Solar system showing relative size of (but not distance between) planets.

Keep tabs on our planets with Morrison Planetarium's quarterly guide to planetary activity.


The planet Mercury, image by NASA/JPL

Although technically in the predawn sky, Mercury is too near the Sun to be easily seen, rising in the southeast less than an hour before dawn. As it gradually swings around to the far side of our star as seen from Earth, Mercury's angular separation from the Sun in the sky shrinks, and the smallest planet disappears into the glow, passing superior conjunction, when it's located behind the Sun, on January 29. It emerges from the glare in late-February for a brief appearance in the evening sky, setting an hour after the Sun, reaching greatest eastern elongation on the 26th and is separated from the Sun by 18 degrees. It quickly retreats back into the twilight, washed from view by the glow as inferior conjunction (located between Earth and the Sun) occurs on March 14.

The Moon's passes near Mercury will likely be too close to the Sun to be observable, occurring very low in the east on the morning of January 4, almost directly against the Sun on February 4 and definitely not visible, and on March 7, when both are very low in the west less than an hour after sunset, perhaps visible...but likely only to experienced skywatchers.



The planet venus, image by NASA/Caltech/JPL

Venus is at greatest western elongation on January 5, when it's 47 degrees from the Sun, rising three hours before the Sun against the stars of Libra the Scales and commanding the predawn sky (some call it the Morning Star at this time). After elongation, it slowly creeps back toward the Sun, although it remains visible in the predawn sky for the entire season. It passes from Libra through Scorpius the Scorpion, Sagittarius the Archer, Ophiuchus the Serpent-Bearer, Capricornus the Sea-Goat, and finally Aquarius the Water-Carrier. Along the way, it passes close to Jupiter on January 22 and Saturn on February 18.

The waning crescent Moon passes Venus on January 1, even closer on January 31, and again on March 2.



The planet Mars, image by NASA

Since Mars and the Sun are moving at about the same speed and in the same direction against the stars this season, the Red Planet steadily holds its position in the early evening sky, shining prominently in the southwest just after sunset in January and February, slowly moving into the west by March. During that time, Mars inches through the stars of Pisces the Fishes into Aries the Ram, ending up in Taurus the Bull by the end of March. Along the way, it passes very near (about one degree from) Uranus on February 12.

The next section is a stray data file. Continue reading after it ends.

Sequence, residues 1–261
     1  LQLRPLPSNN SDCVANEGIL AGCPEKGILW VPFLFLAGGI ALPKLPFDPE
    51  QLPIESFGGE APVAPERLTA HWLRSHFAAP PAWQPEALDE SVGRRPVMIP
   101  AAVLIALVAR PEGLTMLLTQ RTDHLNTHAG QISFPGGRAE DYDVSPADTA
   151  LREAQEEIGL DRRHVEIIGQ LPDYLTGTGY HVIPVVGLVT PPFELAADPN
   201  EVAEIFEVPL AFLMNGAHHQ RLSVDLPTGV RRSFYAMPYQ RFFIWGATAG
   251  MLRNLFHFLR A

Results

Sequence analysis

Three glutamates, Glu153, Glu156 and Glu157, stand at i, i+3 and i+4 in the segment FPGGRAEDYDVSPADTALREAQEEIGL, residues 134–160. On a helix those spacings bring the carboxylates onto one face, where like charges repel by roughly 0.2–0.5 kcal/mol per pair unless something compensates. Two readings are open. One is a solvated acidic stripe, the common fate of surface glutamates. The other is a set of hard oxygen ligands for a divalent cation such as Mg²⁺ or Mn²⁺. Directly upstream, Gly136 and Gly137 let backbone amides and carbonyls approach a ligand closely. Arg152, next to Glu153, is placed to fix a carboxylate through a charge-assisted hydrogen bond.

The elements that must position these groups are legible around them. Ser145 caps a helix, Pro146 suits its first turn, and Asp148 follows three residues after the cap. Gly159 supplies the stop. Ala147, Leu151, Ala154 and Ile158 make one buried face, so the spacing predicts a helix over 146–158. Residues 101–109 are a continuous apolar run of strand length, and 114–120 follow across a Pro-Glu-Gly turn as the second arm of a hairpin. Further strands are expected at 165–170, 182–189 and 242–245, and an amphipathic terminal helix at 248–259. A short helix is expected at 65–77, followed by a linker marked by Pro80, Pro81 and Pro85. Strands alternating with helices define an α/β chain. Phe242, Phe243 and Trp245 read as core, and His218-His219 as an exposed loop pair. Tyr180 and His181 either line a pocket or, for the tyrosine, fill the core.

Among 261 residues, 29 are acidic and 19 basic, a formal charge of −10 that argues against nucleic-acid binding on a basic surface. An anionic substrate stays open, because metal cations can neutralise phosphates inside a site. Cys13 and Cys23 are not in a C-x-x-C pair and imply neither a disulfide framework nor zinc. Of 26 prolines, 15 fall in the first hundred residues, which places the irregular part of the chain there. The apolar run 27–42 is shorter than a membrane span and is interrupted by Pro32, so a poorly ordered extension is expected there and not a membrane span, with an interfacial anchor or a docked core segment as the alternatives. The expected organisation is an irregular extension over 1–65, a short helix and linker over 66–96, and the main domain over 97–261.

The Moon passes near Mars on the evenings of January 12, February 10, and March 10 and 11.



The planet Jupiter, by NASA

In January, Jupiter continues climbing out of the predawn twilight, joining Venus in the eastern sky and passing only two degrees from it on the morning of January 22. Then, it continues upward and away from the Sun, matching the slow drift of the stars, rising about four minutes earlier from one morning to the next and staying within Ophiuchus the Serpent-Bearer all season.

The waning crescent Moon passes close by on the mornings of January 3 and 30, February 27, and March 26 and 27.



The planet Saturn, by NASA/JPL/Saturn institute

In conjunction with the Sun on January 1, Saturn slowly starts creeping out of the glow of dawn and becomes visible about an hour before sunrise at the end of the month, against the stars of Sagittarius the Archer. Rising four minutes earlier on successive mornings, it continues climbing away from the Sun's glow, passing about a degree from Venus on the morning of February 18. By the end of March, it's 23 degrees high in the southeast an hour before dawn.

The waning crescent Moon passes near Saturn on the mornings of February 2 and March 1 and 29. Its close pass on January 5 is too close to the Sun to be seen.


Sunrise & Sunset Table

Times are for San Francisco, California, and will vary slightly for other locations.

January 1
Sunrise | Solar Noon | Sunset
7:25 am | 12:13 pm | 5:02 pm 
All times PST

February 1
Sunrise | Solar Noon | Sunset
7:14 am | 12:23 pm | 5:33 pm
All times PST

March 1
Sunrise | Solar Noon | Sunset
6:41 am | 12:22 pm | 6:03 pm
All times PST